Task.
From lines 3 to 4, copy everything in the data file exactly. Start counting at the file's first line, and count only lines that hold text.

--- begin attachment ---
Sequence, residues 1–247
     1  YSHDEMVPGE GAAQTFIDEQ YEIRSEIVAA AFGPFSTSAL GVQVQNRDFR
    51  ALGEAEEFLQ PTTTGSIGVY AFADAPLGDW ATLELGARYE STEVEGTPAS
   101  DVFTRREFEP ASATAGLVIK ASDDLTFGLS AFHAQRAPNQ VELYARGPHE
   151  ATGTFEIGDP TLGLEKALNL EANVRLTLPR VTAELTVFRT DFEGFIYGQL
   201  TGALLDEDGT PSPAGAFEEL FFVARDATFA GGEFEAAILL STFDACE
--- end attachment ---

    51  ALGEAEEFLQ PTTTGSIGVY AFADAPLGDW ATLELGARYE STEVEGTPAS
   101  DVFTRREFEP ASATAGLVIK ASDDLTFGLS AFHAQRAPNQ VELYARGPHE